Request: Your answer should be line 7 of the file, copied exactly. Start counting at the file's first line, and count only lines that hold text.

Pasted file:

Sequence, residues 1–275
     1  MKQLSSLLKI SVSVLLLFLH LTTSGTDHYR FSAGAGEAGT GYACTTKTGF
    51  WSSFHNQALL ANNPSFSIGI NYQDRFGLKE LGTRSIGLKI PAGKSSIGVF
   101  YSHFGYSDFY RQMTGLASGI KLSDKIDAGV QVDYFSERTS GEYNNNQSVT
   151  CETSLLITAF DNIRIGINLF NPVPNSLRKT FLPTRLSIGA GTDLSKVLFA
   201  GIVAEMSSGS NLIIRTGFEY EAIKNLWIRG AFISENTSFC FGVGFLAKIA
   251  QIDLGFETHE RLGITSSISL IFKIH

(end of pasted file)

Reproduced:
   251  QIDLGFETHE RLGITSSISL IFKIH